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The Hawk's Nest

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The 3 M's

May has come and gone. Along with the normal spring activities, May brings to me the three M’s: Mothers Day, Memorial Day and Mom’s Birthday. Sometimes, on a good year, Memorial Day and Mom’s Birthday are on the same day, though not this year. 

First, a mother story. 

Over fifty years ago a young mother laid her newborn son on the changing table to do the diaper-changing thing. As soon as the diaper was off, the baby boy shot a stream straight up nailing his mom.

After all it’s never too early to start checking range and elevation. 

Her reaction was laughter because getting upset was out of the question; after all she was his mama. And he had given her a story to tell on him all his life; already he was adding to the family legacy of laughter.  It was his first lesson in the use of humor to relieve stress in relationships.

Now, a Memorial Day story.

I told Mom we would pick her up about 2 and take her to the cemetery. “There won’t be any flowers left to take to the graves,” she grumbled. I told her that was as soon as we could get to town, and tried to assure her we would find plenty of flowers. 

She hates being dependent on others. She frets about not driving anymore. Most folks are glad she doesn’t, especially the County Deputy she t-boned while pulling out of the bank a few years ago. He called and explained the accident. It was very minor; in fact, we both got a laugh out of it, but we also knew there was a problem. When Mom decided to sell her car, I couldn’t have been happier.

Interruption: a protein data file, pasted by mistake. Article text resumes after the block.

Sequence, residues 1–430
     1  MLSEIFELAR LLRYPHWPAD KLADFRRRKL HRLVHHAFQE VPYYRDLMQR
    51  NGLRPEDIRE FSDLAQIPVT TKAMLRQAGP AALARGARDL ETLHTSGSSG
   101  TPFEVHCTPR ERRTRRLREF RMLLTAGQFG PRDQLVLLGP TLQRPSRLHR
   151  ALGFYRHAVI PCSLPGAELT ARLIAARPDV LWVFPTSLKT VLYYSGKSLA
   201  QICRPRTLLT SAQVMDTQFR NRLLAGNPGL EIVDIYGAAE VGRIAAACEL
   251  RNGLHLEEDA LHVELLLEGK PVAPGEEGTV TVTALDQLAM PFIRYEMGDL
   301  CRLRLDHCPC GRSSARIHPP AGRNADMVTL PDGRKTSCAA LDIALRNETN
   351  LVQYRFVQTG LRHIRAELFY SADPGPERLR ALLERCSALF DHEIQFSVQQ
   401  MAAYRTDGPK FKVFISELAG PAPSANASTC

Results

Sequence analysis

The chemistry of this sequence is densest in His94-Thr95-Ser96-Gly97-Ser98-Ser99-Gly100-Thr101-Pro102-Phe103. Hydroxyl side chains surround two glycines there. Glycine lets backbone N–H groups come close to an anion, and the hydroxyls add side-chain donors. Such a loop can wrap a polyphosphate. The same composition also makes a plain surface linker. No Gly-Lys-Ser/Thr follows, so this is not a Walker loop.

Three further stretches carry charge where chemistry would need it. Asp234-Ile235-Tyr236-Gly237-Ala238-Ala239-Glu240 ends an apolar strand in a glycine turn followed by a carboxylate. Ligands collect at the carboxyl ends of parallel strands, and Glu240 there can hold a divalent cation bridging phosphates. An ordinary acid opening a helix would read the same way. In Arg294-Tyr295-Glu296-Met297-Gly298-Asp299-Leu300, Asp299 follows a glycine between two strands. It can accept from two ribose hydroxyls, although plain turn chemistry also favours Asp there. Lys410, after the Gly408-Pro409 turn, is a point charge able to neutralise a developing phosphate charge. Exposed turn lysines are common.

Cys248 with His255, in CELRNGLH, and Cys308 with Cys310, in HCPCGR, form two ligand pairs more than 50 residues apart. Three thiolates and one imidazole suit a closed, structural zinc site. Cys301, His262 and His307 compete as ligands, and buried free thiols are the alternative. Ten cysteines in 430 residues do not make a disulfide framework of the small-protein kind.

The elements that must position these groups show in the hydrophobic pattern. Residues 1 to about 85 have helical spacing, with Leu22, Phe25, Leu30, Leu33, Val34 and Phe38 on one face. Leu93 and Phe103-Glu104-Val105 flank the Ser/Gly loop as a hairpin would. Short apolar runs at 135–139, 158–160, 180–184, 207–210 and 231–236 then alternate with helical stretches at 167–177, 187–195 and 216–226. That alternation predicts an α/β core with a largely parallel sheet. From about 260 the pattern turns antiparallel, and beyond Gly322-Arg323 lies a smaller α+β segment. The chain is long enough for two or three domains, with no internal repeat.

Back to Memorial Day. At the store we found more flowers than even I expected. We picked out plenty.  

We left her walker at home for the trip to the cemetery. This walker is a real deluxe model. It has big wheels with independent brakes on each side and a basket that could hold a week’s worth of groceries. For her, it holds three weeks worth. And it also has a seat she can set on when she gets tired. Best of all it keeps her ambulatory. 

I thought she should paint flames on it and maybe add some lake pipes. She reacted the same way she did when I suggested this treatment for the family four-door back in the early 60’s.